The Second Reich as Proto-Nazis: I didn't actually say that. I said that their methods pre-figured Nazi methods. They Germans forcibly moved workers from Belgium and France to work in labour camps. That's not revisionist spin. That's fact. They asset stripped the bits of the Russian Empire they held after Brest Litovsk. That's fact. Whilst we cannot know how the Germans would have dealt with Europe if they had won we've got some pretty good clues based on what they did in the areas they occupied.
Me, Michael Gove and Blackadder: I didn't dismiss Blackadder as poppycock, and I am aware it is satire. It is, however, also fiction. As is Birdsong. And Regeneration Road. My point was that you shouldn't form your view on the Great War based on fiction. Go and read some history. You wouldn't want people to understand the Second World War by watching "Allo, Allo" would you? I realise what I wrote sounds like what Michael Gove said. It doesn't mean I share his political agenda (far from it - my daughter is a teacher!) and I've already indicated above that he's wrong. Revisionists are not all "right wing" and "conventionalists" are not all "left wing".
Me right, everyone else wrong: Guy said "(the) article in the last Miniature Wargames, urging wargamers to tell people who don’t share his particular interpretation of the First World War that their reading is ‘wrong’..." . Actually what I said was "when you start to hear someone spouting the same old lines about how futile the whole War was, fuelled by nothing except reading some poems and watching some sitcoms, tell them it isn’t so". I think that's a fair comment. I'm not saying I'm right and you are wrong. What I'm saying is don't take your view on one of the most important events of the 20th century from fiction. At least listen to someone who has read a history book on it.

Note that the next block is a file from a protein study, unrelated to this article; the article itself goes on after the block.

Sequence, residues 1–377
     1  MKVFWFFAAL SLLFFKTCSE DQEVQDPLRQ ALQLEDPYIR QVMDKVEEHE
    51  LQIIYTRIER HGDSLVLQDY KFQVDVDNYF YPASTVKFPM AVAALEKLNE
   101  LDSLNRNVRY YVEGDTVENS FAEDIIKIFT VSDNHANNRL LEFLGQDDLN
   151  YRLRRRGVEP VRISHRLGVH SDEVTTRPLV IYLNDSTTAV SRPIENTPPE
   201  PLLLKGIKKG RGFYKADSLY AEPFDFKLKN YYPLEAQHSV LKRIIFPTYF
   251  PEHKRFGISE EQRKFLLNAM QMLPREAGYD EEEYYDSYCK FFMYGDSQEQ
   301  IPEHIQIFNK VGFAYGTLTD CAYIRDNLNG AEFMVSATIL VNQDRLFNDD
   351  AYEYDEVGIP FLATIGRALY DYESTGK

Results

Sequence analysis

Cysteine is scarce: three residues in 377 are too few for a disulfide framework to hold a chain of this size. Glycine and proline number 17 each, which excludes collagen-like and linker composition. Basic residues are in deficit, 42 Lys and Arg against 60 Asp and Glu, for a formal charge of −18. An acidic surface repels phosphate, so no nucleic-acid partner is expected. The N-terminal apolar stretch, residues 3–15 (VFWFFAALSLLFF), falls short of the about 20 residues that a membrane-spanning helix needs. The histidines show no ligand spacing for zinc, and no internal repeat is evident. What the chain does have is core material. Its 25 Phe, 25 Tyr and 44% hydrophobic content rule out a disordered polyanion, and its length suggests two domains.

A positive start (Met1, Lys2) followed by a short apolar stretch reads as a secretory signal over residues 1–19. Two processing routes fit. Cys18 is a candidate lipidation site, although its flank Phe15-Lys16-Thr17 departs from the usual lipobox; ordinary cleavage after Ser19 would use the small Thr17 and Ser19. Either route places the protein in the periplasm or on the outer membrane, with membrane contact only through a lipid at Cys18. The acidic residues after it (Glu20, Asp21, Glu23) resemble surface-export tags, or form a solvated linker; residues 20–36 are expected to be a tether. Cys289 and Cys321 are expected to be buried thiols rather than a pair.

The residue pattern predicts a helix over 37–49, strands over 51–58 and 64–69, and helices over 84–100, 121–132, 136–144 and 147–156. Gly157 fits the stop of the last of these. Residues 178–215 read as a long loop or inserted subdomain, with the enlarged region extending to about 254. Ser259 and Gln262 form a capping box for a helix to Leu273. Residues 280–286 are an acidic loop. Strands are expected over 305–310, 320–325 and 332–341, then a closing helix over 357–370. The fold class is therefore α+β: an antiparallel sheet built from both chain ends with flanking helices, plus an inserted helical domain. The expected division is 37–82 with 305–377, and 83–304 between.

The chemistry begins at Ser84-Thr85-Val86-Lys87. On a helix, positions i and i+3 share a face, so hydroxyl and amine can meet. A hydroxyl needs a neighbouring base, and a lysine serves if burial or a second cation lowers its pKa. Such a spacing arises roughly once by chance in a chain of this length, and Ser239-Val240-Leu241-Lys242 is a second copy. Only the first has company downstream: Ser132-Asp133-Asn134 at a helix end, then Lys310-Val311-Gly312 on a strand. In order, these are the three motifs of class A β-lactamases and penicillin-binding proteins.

There's much more in Guy's posting I could take issue with. If he submits it to MWBG, I'll write an full rebuttle if Henry lets me. For now, as someone who has very little spare time to spend on the hobby as I have a new job, I'll leave it.
Just don't take mine or Guy's word for it. Go and read some history.